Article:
Ø  Various growth activities of these planktons and their death add nutrients to soil and water.

Ø  After their death, they settle down at the bottom of the pond to form a layer of muck.

pioneer community in hydrosere

image source: cc – wikipedia

(2). Rooted submerged stage:

Ø  Nutrients are added to the soil and water by the death and decomposition of planktons.

Ø  Subsequently a soft muddy bottom with rich silt forms.

Ø  Due to the formation of muddy bottom, the water depth becomes shallower.

Ø  Once the water depth is reduced to about 10 feet, the complete light penetration becomes easy.

Ø  This promotes the growth of rooted submerged hydrophytes.

Ø  These plants will be completely submerged in the water.

Ø  Example: Hydrilla, Vallisneria, Utricullaria, Chara, Ceratophyllum

Ø  The nutrient rich muddy bottom helps to quickly flourish their population.

example of pond plants

image source: cc – wikipedia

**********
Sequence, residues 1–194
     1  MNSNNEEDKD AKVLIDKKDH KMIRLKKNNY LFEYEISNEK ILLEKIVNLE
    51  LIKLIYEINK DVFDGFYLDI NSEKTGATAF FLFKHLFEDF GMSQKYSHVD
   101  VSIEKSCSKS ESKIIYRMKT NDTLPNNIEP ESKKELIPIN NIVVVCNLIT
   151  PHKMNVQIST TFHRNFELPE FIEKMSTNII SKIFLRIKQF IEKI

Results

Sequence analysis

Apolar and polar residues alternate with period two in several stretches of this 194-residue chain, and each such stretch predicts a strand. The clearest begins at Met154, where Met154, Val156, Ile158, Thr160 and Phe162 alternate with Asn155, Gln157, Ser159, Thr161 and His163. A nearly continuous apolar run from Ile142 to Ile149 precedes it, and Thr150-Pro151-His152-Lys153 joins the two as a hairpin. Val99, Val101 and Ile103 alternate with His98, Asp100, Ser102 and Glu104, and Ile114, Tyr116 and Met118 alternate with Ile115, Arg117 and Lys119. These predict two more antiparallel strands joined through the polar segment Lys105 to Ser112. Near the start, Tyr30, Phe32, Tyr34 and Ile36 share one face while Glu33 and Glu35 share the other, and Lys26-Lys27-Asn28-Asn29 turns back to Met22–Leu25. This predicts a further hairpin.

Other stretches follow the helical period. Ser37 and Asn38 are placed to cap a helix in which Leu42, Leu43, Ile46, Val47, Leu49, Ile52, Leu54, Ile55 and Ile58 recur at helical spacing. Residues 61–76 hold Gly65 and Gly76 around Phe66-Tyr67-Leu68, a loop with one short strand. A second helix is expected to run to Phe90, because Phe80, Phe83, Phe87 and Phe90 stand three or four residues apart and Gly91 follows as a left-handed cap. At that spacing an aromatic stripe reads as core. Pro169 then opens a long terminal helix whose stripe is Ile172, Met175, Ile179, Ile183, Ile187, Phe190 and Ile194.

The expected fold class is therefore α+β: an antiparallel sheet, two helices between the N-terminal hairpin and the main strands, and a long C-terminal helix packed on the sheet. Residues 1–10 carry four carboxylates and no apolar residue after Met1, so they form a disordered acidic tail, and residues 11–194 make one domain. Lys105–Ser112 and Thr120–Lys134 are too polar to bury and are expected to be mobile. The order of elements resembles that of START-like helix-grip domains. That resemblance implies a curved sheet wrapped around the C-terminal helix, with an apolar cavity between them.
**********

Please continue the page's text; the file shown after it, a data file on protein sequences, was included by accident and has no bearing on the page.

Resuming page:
(3). Rooted floating stage:

Ø  When the depth of water reaches about 4 to 8 feet, the submerged vegetation starts disappearing from their original place.

Ø  Death and decomposition of these rooted plants add more nutrients to the soil.

Ø  This further increase the width of bottom soil or silt.

Ø  In this condition, rooted floating hydrophytes starts to appear.




Ø  These rooted floating plants quickly cover the water surface and their floating leaves completely cover the water body.

Ø  As a result of this, the light penetration into the water is inhibited and this results in the complete disappearance of submerged plants.

Ø  Examples of rooted floating plants: Nelumbium, Nymphaea, Trapa

Hydrosere Rooted Submerged Stage

image source: cc – wikipedia

Ø  Free floating plants can also develop: Azolla, Lemna, Wolffia, Pistia, Salvinia

examples of floating hydrophytes

image source: cc – wikipedia

(4). Reed-swamp stage:

Ø  The Reed-swamp stage is also called the Amphibious Stage.